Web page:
To Survive an Earthquake Choose the Table, Not the Doorway
How to prepare for, protect yourself during, and survive after a temblor.
Unlike hurricanes, tornadoes, and other natural disasters, earthquakes often arrive without warning, leaving people no time to evacuate before disaster strikes. According to the World Health Organization, earthquakes are the most lethal of all natural disasters, and from 1998 to 2017 they accounted for nearly 750,000 deaths worldwide—or more than half of all natural disaster-related deaths combined.
Earthquakes also tend to create a lot of orthopedic injuries among survivors—no surprise given the amount of falling and moving debris in an earthquake. That was true in Haiti this past August, when the country was hit by a magnitude 7.2 earthquake.
“Everything we saw was orthopedic injuries, fractures, dislocations of bones and joints,” said Dr. Eric Hill, an emergency medicine physician from the Denver area who served with Team Rubicon at the Hospital of Immaculate Conception in Les Cayes, Haiti in the first days after the earthquake. “There was a large number of open wound infections.” Hill three days after the earthquake the team was also seeing a lot of untreated open fractures.
While earthquakes may be hard to predict and avoid, there are precautions you can take to protect yourself, your family, and your home before, during, and after an earthquake.
Prepare to Survive Before an Earthquake Strikes
Devise an emergency plan with your family that includes a meeting point of where to go after an earthquake. Don’t leave heavy objects on shelves that could fall during impact. Also, anchor furniture, cabinetry, and other heavy objects to the floor and walls.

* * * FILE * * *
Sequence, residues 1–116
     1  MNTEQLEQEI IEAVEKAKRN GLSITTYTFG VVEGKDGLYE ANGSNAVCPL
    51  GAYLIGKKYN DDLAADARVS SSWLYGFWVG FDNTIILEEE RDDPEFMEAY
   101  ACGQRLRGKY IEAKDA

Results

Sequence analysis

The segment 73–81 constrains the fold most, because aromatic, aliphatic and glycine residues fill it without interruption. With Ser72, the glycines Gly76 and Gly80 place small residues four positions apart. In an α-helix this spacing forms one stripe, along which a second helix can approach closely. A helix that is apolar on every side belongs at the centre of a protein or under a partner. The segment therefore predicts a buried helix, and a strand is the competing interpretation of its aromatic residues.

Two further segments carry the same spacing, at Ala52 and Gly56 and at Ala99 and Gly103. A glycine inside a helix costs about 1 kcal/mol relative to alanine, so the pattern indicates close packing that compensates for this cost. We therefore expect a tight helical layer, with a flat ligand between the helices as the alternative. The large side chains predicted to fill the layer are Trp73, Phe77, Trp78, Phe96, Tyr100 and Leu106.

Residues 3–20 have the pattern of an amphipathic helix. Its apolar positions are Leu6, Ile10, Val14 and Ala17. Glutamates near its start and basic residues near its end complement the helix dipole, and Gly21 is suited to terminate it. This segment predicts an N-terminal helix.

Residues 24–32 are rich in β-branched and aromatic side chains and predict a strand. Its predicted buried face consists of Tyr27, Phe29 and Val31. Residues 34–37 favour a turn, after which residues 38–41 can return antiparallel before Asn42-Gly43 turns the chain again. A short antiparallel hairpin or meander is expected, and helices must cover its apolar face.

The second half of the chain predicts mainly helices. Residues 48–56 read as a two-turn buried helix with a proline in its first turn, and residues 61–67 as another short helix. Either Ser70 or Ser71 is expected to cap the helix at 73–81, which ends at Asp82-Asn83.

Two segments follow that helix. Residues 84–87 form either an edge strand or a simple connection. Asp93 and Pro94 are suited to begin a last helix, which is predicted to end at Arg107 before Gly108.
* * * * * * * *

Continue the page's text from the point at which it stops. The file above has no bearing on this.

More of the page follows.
How to Stay Safe During an Earthquake
Practice “drop, cover, and hold on.” When an earthquake hits, drop onto your hands and knees, seek shelter under a sturdy table, and hold onto your shelter until the shaking subsides. If you don’t have a shelter nearby, use your hands to protect your head and neck from falling debris while staying in a crouched position to protect your vital organs.
What not to do? Run outside or stand in a doorway. Because facades, windows and architectural accents are often the first parts of a building to collapse in an earthquake, being near exterior walls can be incredibly dangerous. And, in modern buildings doorways are no more structurally strong than walls or any other part of the building.
Avoiding Disaster After an Earthquake
Examine yourself and others for injuries and provide first aid if needed. To prevent a disaster after a disaster, wear protective footwear such as sturdy boots to prevent injury from broken glass or other debris. Check utilities such as gas and electricity for any damage. If damage is found, switch off the valves to prevent possible fires or inhalation.